Shift spoke with Northwest District candidate Mike Lish as we highlight high-profile primary races for Spokane City Council. Decisions out of Spokane City Hall frustrated Lish, as he saw “the vibrant community we love start to slip away.” And so he became involved and aims to end the stagnation of the current city council to put a plan in place to solve to city’s housing and homeless problem.
Lish states that voters he’s talking to are also very concerned about rising crime rates while many at city hall are acting like Seattle politicians seeking to “defund the police.” The city’s recent 72% vote to ban a local income tax is for Lish another example “that voters in Spokane want a fiscally responsible government and officials who are good stewards of taxpayer money.”
First of all, please tell us about yourself and what do you hope to accomplish if you are elected to the Spokane City Council?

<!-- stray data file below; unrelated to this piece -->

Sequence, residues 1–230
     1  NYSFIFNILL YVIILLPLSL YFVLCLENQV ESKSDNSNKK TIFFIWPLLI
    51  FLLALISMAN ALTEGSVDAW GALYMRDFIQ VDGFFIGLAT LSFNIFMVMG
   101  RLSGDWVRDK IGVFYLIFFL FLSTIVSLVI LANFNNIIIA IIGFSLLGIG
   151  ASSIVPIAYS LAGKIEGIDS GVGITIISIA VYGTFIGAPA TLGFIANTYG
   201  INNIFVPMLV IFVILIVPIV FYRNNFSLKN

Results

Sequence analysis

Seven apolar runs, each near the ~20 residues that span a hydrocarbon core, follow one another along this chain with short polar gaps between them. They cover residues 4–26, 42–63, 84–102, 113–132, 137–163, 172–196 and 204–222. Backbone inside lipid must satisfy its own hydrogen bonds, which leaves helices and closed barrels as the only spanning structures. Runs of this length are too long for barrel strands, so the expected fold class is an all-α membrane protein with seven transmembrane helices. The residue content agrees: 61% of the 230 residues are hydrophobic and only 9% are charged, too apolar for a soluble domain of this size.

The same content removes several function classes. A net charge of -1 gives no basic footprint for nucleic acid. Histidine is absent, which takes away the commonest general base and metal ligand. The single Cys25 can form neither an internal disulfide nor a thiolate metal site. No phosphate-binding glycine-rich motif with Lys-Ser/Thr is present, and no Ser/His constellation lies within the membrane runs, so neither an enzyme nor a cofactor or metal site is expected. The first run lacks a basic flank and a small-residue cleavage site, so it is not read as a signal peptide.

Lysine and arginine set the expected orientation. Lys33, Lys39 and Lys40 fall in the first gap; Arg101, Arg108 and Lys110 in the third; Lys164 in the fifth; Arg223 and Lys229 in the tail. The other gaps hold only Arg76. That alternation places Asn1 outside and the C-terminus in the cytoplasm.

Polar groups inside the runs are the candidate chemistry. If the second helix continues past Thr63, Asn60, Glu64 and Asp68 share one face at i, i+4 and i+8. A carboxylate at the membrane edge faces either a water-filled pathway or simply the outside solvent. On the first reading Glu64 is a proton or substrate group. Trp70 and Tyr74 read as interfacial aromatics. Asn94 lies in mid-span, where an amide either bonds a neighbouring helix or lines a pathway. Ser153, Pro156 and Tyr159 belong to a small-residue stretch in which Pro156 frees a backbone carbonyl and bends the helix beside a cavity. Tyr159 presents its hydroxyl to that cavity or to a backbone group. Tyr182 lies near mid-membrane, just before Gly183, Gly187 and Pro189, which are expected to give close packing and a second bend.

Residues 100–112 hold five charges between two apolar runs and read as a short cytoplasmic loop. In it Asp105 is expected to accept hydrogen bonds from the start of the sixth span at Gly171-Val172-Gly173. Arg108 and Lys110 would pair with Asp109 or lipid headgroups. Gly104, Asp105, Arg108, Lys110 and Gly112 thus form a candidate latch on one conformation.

My family moved to Spokane when my dad received a contract out at Fairchild Air Force Base when I was a kid. My parents opened up D. Lish’s Hamburgers with a friend in 1998 and I began working there as soon as it opened. I worked from the bottom up, moved up to shift supervisor and learned the ins-and-outs of running the whole restaurant.
I took over the operations of the restaurant after my dad passed away and I’m proud to have operated the family-friendly burger joint for over 13 years now. I never imagined running for public office, but the changes I’ve seen in Spokane over the last few years really sounded the alarm. We’ve seen the vibrant community we love start to slip away. I was forced to pay more attention than ever before to the decisions coming out of our city council when they continued to negatively impact my family, friends, and employees. I wanted to see a change and I didn’t see anyone else running who could make that happen, so I got off the sidelines and into the arena.
Spokane has always been home, that’s why my wife Erin and I chose to raise our kids here. I’d like Spokane to be the city where my family lives for generations to come. But I’m concerned that with the path we’re headed down, that just won’t be possible.